If you’re a teacher or work at an institution that deals with children, beware. If you physically punish a child and are convicted of this, you’ll be fined Rs 10,000. Any subsequent conviction and you’ll be imprisoned for up to three months or fined or both. What is more, you’ll be sacked from where you work and debarred from working with children directly.
The draft Juvenile Justice (JJ) Amendments Bill, 2014, which was cleared by the Cabinet last week had also proposed to cover parents who punished their children physically, but this provision is likely to be dropped when it is presented in Parliament.
The bill’s provisions also deal with a spectrum of other subjects — ranging from abuse of disabled children to using a child for selling or carrying intoxicants or by militant groups. Some of the earlier provisions — adoption rules, ragging of children, employing them as beggars or giving them intoxicants — are also a part of the bill.
Child rights activists and lawyers are still grappling with the bill. Most feel that it is both confusing and sketchy.
The most contentious part of the bill, which has been under the scanner from the moment it was made public by the ministry of women and child development, is the bit that seeks to try offenders who are between 16 and 18 years, accused of serious crimes, in adult courts. But after feedback from experts and the public alike, the Centre has decided against this move. Instead, they would be referred to children’s courts.
As for corporal punishment, child rights activists believe that it is a form of child abuse that is yet to be stamped out. The proposed bill has defined corporal punishment under Section 2(y) as “the intentional subjecting of a child to physical punishment or mental harassment by any person with the aim of disciplining the child.”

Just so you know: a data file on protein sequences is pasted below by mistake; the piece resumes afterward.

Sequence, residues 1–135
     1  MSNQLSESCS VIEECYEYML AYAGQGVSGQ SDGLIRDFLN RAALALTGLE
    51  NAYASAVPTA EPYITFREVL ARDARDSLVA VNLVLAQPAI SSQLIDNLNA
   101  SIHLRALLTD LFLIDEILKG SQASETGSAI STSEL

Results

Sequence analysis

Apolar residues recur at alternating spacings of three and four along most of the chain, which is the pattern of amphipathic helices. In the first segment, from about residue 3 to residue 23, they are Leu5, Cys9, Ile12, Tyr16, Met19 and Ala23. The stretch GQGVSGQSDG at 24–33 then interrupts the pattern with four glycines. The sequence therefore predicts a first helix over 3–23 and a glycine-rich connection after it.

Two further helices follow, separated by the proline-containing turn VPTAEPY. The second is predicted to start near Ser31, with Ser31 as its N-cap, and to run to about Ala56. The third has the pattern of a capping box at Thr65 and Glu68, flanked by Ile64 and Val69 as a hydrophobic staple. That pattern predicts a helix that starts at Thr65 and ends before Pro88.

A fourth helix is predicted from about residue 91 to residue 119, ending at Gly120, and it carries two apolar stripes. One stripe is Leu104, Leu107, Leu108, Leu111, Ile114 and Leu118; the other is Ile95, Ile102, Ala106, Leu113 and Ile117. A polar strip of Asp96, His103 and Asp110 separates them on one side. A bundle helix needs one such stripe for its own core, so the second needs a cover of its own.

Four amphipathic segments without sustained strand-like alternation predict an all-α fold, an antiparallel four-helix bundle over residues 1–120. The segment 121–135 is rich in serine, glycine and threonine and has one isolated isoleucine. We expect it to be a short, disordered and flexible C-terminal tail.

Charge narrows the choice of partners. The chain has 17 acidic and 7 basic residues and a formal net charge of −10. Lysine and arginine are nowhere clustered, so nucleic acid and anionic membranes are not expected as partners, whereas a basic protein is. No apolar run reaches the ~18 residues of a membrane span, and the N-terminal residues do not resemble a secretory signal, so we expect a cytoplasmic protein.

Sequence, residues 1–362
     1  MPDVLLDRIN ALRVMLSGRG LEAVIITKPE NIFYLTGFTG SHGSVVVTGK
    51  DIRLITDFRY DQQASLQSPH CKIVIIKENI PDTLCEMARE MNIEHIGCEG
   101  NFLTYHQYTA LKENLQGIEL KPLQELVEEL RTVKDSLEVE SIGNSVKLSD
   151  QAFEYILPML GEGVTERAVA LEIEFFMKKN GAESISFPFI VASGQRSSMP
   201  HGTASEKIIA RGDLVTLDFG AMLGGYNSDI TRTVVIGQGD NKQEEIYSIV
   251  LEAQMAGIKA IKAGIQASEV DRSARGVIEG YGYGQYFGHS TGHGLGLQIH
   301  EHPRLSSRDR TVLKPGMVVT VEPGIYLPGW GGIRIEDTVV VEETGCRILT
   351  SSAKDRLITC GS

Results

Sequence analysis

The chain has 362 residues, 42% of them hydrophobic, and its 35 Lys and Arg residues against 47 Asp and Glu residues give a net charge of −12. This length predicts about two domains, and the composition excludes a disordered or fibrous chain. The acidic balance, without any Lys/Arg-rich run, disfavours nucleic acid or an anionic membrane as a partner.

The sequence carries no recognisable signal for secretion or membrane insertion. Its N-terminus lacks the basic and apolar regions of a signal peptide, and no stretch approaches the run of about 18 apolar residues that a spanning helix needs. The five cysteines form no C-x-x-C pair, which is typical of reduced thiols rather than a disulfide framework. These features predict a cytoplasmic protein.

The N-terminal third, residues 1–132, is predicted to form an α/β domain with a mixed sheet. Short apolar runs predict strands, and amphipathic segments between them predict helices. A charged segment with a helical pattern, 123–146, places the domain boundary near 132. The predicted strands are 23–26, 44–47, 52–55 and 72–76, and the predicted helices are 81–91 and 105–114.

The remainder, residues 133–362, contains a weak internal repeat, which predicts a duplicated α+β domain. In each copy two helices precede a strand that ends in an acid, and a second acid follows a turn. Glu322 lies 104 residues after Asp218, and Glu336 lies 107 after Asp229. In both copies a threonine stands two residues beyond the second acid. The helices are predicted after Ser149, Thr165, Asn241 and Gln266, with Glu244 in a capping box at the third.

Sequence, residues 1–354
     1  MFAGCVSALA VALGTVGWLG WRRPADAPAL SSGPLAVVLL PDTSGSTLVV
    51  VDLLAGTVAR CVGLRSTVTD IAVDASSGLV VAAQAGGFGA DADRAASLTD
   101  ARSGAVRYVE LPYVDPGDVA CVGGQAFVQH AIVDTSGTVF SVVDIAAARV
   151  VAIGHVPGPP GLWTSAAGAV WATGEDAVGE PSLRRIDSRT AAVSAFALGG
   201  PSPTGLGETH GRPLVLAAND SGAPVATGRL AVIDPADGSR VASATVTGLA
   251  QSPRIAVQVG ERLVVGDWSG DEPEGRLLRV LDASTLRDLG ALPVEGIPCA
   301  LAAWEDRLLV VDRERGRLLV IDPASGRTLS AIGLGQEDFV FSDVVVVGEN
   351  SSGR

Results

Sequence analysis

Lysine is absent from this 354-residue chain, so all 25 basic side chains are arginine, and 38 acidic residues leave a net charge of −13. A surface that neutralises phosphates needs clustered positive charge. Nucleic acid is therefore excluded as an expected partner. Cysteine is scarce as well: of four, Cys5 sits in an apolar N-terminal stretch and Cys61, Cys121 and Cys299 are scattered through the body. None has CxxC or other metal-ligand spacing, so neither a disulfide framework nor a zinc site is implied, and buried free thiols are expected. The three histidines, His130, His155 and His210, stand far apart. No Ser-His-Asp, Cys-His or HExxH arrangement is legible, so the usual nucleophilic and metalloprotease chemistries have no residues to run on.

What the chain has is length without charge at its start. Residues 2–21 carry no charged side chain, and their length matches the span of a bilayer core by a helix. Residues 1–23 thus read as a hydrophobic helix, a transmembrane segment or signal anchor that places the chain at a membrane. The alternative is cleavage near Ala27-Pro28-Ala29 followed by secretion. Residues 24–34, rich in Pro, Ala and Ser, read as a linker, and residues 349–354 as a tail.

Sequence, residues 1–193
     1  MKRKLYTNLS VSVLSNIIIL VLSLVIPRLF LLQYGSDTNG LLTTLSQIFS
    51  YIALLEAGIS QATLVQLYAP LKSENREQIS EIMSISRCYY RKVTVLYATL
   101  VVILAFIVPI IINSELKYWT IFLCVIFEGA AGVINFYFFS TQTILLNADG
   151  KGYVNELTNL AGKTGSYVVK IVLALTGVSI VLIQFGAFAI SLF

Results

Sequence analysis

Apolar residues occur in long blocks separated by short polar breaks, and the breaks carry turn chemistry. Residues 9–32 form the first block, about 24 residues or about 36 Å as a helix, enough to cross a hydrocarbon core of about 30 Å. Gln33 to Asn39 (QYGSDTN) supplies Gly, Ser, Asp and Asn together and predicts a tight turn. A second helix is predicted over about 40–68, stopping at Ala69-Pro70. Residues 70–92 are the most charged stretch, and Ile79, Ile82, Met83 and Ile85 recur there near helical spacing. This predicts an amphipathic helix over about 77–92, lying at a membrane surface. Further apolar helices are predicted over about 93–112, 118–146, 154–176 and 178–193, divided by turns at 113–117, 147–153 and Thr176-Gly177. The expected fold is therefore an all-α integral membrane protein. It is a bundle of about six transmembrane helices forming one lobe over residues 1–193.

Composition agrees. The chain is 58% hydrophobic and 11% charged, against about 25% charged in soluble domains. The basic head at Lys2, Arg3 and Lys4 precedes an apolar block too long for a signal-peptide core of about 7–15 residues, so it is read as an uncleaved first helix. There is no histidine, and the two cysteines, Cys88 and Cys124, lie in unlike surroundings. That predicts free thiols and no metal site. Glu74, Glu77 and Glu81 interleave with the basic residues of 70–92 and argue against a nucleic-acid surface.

The bill also provides for the jurisdiction of courts to conduct the trial of corporal punishment offences. These have been assigned to first-class magistrates in some circumstances and to “any magistrate” in some circumstances. “There is no logic for doing so,” says child rights lawyer Anant Asthana. “Why rule out the role of children’s courts in the trial of cases of corporal punishment?”
The bill lays down that if the management of the institution does not co-operate with any inquiry or comply with the orders of the child welfare committee (CWC) or juvenile justice board or court or state government, the person in charge of the management of the institution will be liable for imprisonment for minimum three years and may also be liable to pay a fine of up to Rs 1 lakh.
“The basic idea is to formulate a specific law on corporal punishment so as to stop the torture and abuse that often takes place in children’s shelter homes and schools. There are endless instances of children being abused in shelter homes and schools. This should stop,” says an official at the ministry of women and child development.
Senior advocate and human rights activist Colin Gonsalves sees it as a strong indictment clause and a welcome step to deal with teachers and outsiders. “But I am particularly worried about parents. The word ‘hurt’ should be carefully defined so that parents don’t get into trouble for causing a slight hurt or a very minor offence,” he says.